Driving Flows into East Africa

Why are East African capital markets getting the attention of institutional investors?

After an exacting year, East African capital markets are once again on the radars of institutional investors as their economies show remarkable resilience to the pandemic. Kenya, for example, is expected to see GDP growth of 6.4% this year, while Uganda’s economy is forecast to expand by 4.93%. In Tanzania, experts anticipate the country’s GDP will increase anywhere between 3% and 5.3%. Gideon Chokah, Head of  Securities Services and Investors and Intermediaries for Kenya and East Africa at Standard Chartered, outlines how inflows into these three East African countries are being facilitated through a combination of prudent regulatory reforms; the launch of new financial products and a market-wide willingness to embrace digitalisation.

Acting fast in a crisis

The actions of East African regulators and financial market infrastructures (FMIs) during the peak of the pandemic have won plaudits from global investors. In order to mitigate market disruption, regulators and FMIs in the region worked tirelessly to digitalise activities such as account openings and corporate actions.  The changes have also made it easier for investors to participate in the local markets, in what should result in further inflows over the next few years. “With the imposition of remote working, market participants were forced to adapt quickly, and they did so. The authorities also had to address and update legacy rules. For example, Kenyan legislation stated that AGMs must be held physically. COVID-19 meant that new rules had to be introduced in Kenya to facilitate remote AGMs and voting,” said Chokah. Custodian banks and investors have urged local regulators to retain these digital processes, citing the operational efficiencies which they bring.

Give the investors what they want

Inflows into East Africa are also being enabled through the development and launch of new investment products, a move which is helping to generate deeper regional liquidity. Kenya, for example, has introduced Exchange Traded Funds (ETFs), Real Estate Investment Trusts (REITs), derivatives and green bonds, as it looks to attract more foreign investment. Despite COVID-19 causing unprecedented disruption, Chokah said Kenya’s regulator – the Capital Markets Authority – was still committed to launching new investment tools such as securities lending, securities borrowing and short-selling. These products are critical in ensuring proper price discovery and shoring up liquidity, he continued. FOREX markets in Kenya, Uganda and Tanzania were also liberalised relatively recently making it easier for foreign investors to repatriate funds. Unlike other major African markets, Chokah noted that these countries did not impose FX controls during the pandemic. Investor flows into East Africa will continue to rise as a wider and more diverse range of products comes to market.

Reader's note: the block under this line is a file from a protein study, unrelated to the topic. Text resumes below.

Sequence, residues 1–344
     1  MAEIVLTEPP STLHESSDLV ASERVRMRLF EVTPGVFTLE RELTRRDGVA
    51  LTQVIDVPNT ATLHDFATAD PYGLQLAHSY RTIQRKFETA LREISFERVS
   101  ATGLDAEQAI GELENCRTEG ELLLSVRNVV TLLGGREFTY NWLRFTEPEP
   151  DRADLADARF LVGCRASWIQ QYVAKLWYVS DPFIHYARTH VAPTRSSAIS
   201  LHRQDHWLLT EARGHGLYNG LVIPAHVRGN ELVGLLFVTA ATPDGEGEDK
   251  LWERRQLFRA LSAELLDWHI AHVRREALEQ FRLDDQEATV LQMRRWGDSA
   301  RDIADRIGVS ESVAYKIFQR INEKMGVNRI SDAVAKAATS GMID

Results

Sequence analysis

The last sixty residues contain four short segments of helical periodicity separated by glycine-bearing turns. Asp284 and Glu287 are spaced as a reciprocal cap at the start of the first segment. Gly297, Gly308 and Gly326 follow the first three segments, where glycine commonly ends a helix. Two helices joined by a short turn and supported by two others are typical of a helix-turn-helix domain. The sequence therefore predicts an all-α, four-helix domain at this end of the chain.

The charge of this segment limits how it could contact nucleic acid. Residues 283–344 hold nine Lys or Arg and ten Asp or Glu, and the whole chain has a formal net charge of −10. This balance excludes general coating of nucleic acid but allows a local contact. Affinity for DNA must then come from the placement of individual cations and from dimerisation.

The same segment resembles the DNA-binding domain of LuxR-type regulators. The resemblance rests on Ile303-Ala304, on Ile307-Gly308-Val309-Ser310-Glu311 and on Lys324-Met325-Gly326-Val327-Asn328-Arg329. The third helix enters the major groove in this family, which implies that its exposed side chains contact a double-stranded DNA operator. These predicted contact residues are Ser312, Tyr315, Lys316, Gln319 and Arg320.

The stakes are high for regional consolidation

Reforms designed to promote deeper regional consolidation are likely to usher in greater inflows, and with it liquidity, according to Chokah. While it is true that previous efforts to integrate East Africa’s capital markets were not particularly successful, Chokah said progress around the Africa Exchanges Linkage Project (AELP) - was making better headway, having faced minor delays at the beginning of the pandemic. The AELP is an initiative comprising of the Nairobi Stock Exchange, the Nigerian Stock Exchange, the Egyptian Exchange, the Casablanca Stock Exchange, the Stock Exchange of Mauritius and the BRVM of eight West African markets, and aims to support easier cross-border trading, listing and settlement across these FMIs. The AELP should help further accelerate inflows into the region.

Outperforming in a crisis

Initially, East African markets were widely considered to be incredibly vulnerable to the COVID-19 turmoil but the region has recuperated much faster than many people would have expected. In post-trade circles, East African countries digitalised their archaic manual processes quickly, helping to minimise disruption for global investors. At the same time, efforts to improve market liquidity - through the development of new investment products and regional FMI connectivity channels - are gathering momentum. By pursuing these bold initiatives, inflows from foreign investors into African capital markets will continue to accumulate in the months and years ahead.

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